You can start a ZipCast with one click, and you can invite someone to join a ZipCast with one click, and then you're sharing slides with them, and you're broadcasting video to them. This is a much faster way of doing online collaboration than has traditionally been available, and it's also at a much lower price point. The majority of the features are free. What you pay for is password protection and ad removal.
I'm really excited about the potential for ZipCasts to create a new type of social media experience. We think of it as being Ustream for nerds: a real-time, social-learning, one-to-many experience that is driven by a social media website.
Robert: One thing that I'm still waiting for is more robust collaborative whiteboarding.
Jonathan: That is definitely a pain point for our organization when we're having remote meetings. There is one company that I've heard of that has been working on a whiteboarding app for the iPad, which is pretty cool.
Robert: I feel like what you're doing here would be the perfect service to acquire through the iPad, right? Or through any other tablet technology for that matter.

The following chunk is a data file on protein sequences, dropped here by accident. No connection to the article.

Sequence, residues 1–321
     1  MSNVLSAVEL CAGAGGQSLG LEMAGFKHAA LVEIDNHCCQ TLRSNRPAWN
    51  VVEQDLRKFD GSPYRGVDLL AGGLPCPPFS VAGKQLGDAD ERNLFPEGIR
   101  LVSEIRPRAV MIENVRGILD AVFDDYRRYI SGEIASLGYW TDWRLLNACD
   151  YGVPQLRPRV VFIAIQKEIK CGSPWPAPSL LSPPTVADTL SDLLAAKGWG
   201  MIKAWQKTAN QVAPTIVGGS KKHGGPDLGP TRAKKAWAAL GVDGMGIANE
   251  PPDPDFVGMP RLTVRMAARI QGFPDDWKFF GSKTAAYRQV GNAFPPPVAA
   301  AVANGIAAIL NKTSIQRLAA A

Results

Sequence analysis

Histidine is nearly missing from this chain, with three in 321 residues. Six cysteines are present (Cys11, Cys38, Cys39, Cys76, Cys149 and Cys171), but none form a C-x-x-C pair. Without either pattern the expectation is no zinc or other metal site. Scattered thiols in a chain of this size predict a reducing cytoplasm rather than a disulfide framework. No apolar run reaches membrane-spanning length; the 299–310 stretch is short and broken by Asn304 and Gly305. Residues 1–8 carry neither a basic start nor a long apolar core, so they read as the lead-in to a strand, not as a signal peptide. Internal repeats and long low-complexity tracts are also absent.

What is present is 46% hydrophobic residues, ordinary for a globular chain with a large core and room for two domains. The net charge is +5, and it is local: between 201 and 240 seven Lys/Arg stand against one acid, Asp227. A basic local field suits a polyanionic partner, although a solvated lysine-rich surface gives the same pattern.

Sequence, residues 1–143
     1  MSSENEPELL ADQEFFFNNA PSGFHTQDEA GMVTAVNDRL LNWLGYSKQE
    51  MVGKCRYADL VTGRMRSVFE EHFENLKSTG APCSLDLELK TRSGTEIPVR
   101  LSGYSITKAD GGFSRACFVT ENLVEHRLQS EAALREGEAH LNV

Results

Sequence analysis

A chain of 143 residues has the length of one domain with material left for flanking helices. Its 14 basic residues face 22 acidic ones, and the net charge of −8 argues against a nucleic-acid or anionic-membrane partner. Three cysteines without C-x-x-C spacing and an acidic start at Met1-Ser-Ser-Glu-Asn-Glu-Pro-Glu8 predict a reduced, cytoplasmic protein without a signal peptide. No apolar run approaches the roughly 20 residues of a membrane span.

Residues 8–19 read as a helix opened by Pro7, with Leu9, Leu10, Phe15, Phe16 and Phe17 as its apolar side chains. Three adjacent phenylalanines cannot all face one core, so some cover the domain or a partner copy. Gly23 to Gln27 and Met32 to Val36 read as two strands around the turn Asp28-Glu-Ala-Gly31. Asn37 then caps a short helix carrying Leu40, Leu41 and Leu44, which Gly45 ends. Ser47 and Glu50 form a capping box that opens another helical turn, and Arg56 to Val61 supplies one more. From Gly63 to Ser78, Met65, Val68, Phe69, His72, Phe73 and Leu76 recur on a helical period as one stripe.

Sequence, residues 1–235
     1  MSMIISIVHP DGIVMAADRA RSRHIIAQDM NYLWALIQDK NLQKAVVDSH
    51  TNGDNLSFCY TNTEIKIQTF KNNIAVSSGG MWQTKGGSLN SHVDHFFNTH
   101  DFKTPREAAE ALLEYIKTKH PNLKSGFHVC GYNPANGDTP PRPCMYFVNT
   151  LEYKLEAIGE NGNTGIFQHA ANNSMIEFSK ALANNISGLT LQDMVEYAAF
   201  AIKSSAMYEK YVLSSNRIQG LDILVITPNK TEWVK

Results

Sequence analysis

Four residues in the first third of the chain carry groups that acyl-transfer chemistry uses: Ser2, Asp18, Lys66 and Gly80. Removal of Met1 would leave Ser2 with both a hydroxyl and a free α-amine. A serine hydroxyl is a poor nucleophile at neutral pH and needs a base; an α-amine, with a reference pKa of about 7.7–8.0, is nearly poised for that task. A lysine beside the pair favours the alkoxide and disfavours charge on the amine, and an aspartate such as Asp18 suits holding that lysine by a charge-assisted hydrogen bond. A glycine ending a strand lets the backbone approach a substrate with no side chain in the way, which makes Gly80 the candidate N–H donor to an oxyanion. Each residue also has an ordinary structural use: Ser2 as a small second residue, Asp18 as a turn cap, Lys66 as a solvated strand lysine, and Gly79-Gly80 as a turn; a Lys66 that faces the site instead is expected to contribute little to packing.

Jonathan: What we're really waiting for is for the front facing web camera on the iPad 2. Once that comes out, online meetings on the iPad will really pop, because you'll be able to broadcast video and you'll be able to advance slides. That will be really cool.
Robert: Are you guys keeping a close look at Honeycomb and some of the other Android-based tablets like Xoom as well?
Jonathan: It's funny that you should ask that. A lot of the developers in our Delhi office have taken to carrying around these seven inch Android tablets. They're really enjoying them as a lighter way of having a computing device with them for taking notes during meetings and things like that.
We do a lot of testing of our mobile web site on these Samsung Galaxy Tabs, as well as on iPhones, iPads, and everything else. I don't see the tablet market as going 100 percent to Apple, but the Android devices are only starting to come out now. We'll just have to wait some time before we really see what they can do.
Robert: Thanks a lot, and good luck with your February 16th launch.
Jonathan: Thank you.